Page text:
A high school principal in Jackson, Mississippi, fired because he allowed a student to read a prayer over the school’s intercom system, has been reinstated by a judge who spoke in his decision of the “loss of moral values in public education” which has occurred since the Supreme Court’s 1962 decision barring prayer in public schools.

By all accounts, students at Winfield high school had been caught in the same web of violence that has wreaked havoc with the lives of so many of the country’s young people. So, in an effort to bring some order out of chaos, the students at Winfield elected to have daily prayer. The school’s principal, Bishop Knox, agreed with the students that prayer was a good idea and gave his permission for a short non-denominational prayer to be read over the school’s loud speaker system.

The school hoard, maintaining that the students’ prayer was prohibited by the Constitution, dismissed Bishop Knox, an act that set off a firestorm of protest around the state. Subsequently, the Mississippi state legislature passed a law permitting student initiated prayer in the state’s schools and Governor Kirk Fordice endorsed the notion of prayer in the schools. Faced with the uproar caused by its decision to fire Knox, the school board reversed itself and imposed a less severe penalty on Knox, voting to suspend him without pay until July 1.

In reinstating Knox, Judge Chet Dillard noted the general decline in the moral fiber of America and he warned against a faulty interpretation of the Constitution which diminished the protections afforded by the Free Exercise Clause. Portions of the judge’s opinion are excerpted below:

This case involves our most treasured freedoms concerning our schoolchildren, our Constitution, and our religion. Therefore, a short reference to constitutional history is appropriate.

“‘The sacred rights of mankind are not to be rummaged for among parchment, or musty records. They are written, as with a sun beam in the whole volume of human nature, by the hand of the divinity itself, and can never be erased or obscured by mortal power.’ In the beginning, Alexander Hamilton so expressed his views on the value of constitutional rights.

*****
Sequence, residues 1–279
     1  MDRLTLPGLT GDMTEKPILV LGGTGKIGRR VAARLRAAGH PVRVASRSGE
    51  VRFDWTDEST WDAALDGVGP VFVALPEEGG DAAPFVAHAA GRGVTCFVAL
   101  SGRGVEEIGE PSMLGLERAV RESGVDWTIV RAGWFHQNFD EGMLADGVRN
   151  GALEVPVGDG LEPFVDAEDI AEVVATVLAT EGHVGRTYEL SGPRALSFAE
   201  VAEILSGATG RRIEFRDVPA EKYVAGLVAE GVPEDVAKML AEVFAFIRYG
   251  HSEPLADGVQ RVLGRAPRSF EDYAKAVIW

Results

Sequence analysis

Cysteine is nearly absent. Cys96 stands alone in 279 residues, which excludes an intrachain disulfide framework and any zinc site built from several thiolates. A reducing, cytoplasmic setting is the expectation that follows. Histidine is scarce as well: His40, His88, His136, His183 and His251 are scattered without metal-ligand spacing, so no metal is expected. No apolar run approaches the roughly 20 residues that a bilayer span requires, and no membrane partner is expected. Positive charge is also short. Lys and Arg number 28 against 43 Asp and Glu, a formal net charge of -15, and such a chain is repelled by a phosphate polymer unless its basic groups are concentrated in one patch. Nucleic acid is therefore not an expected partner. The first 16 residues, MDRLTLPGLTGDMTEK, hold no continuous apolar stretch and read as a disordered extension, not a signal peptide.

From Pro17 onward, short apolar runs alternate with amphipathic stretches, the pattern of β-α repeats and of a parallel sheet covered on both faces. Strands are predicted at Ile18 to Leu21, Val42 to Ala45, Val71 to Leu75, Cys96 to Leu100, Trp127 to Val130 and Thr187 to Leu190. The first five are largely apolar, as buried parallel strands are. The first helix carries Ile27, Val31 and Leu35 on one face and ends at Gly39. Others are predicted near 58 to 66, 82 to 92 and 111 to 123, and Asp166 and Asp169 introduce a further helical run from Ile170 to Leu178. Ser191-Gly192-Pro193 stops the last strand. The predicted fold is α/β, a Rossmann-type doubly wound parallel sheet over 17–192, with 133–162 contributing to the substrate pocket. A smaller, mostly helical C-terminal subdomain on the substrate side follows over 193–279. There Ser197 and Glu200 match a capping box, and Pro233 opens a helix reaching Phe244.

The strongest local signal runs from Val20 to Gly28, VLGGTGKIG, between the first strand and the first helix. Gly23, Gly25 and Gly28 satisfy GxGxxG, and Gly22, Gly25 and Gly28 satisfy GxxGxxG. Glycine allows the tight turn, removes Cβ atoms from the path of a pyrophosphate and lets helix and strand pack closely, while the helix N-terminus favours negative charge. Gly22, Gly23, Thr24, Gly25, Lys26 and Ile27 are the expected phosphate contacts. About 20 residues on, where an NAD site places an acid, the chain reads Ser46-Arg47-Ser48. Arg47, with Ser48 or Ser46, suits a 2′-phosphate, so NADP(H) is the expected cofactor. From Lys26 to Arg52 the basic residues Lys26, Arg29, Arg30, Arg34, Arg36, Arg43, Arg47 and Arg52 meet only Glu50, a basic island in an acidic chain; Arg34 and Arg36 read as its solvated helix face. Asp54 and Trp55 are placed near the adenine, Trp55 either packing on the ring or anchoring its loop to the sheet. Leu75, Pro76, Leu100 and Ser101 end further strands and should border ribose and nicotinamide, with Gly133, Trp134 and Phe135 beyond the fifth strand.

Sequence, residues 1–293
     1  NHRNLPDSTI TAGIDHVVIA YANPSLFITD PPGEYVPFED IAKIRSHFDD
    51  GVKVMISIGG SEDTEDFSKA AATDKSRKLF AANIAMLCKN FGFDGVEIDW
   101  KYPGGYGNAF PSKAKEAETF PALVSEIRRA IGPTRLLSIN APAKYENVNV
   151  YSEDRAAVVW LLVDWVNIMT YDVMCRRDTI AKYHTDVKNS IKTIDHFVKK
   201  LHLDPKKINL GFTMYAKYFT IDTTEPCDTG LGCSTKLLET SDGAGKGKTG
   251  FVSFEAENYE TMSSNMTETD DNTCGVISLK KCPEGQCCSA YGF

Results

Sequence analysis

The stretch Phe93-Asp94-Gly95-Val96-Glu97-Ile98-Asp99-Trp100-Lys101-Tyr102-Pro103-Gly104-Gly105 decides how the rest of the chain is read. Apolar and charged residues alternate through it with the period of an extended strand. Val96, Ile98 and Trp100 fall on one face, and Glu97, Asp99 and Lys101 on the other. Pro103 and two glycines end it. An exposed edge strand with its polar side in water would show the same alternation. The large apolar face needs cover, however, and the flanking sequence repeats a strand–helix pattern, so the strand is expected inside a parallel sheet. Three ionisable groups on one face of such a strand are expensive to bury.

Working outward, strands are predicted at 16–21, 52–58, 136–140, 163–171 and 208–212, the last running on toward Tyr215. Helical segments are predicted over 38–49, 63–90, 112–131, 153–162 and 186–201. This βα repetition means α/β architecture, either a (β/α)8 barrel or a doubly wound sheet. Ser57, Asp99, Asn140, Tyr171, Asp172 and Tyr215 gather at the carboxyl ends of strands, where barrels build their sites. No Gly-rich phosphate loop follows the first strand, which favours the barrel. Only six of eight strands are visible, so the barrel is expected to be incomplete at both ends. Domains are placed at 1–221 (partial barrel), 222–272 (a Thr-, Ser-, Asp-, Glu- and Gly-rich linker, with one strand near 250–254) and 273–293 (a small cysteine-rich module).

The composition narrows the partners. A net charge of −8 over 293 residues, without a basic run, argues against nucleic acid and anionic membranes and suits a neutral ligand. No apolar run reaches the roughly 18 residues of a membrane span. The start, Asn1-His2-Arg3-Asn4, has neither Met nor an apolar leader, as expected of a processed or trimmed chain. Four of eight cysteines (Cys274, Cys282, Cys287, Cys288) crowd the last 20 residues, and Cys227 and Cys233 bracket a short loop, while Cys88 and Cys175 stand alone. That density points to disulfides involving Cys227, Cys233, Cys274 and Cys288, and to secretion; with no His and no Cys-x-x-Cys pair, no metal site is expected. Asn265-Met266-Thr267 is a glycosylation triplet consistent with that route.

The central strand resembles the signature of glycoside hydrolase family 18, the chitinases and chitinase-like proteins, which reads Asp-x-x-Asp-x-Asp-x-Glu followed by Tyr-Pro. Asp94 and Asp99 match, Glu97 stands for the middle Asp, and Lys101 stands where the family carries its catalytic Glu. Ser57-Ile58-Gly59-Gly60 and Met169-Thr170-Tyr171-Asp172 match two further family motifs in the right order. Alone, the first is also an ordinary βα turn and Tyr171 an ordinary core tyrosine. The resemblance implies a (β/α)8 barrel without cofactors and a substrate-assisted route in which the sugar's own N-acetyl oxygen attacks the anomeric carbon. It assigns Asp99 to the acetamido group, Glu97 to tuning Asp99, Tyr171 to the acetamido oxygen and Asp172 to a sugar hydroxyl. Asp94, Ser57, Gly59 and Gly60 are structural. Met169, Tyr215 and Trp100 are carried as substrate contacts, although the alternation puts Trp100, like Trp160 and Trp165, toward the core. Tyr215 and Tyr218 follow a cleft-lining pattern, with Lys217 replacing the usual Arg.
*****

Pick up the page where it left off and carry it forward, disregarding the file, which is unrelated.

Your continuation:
“We have completely missed the main objective of the founding Fathers of our country when we reach the point where we construe our Constitution to allow students to have abortions yet forbid them to pray in our schools…

“The Constitution was designed to preserve a wholesome, regulated, orderly, moral way of life. It was not to destroy the very way of life our forefathers loved, enjoyed, and wanted to guarantee for future generations when it was adopted….In just a relatively few years, beginning in the ’60s it has become a constitutional right to have an abortion, avoid the death penalty for at least 10 years, but unconstitutional to pray in school except under very limited circumstances.

“There is a valid argument being made that the attempt to prevent the freedom to offer prayer in school has led to the loss of moral values in public education….All citizens of this country should be concerned enough to help prevent what happened to religion in the Soviet Union. This was brought about by the courts’ interpretation of their constitution. That is the reason we must give as much weight to the Free Exercise Clause as we do the Establishment Clause. They must balance.”

Lawyers for the school board have announced they will appeal Judge Dillard’s decision to the State Supreme Court.

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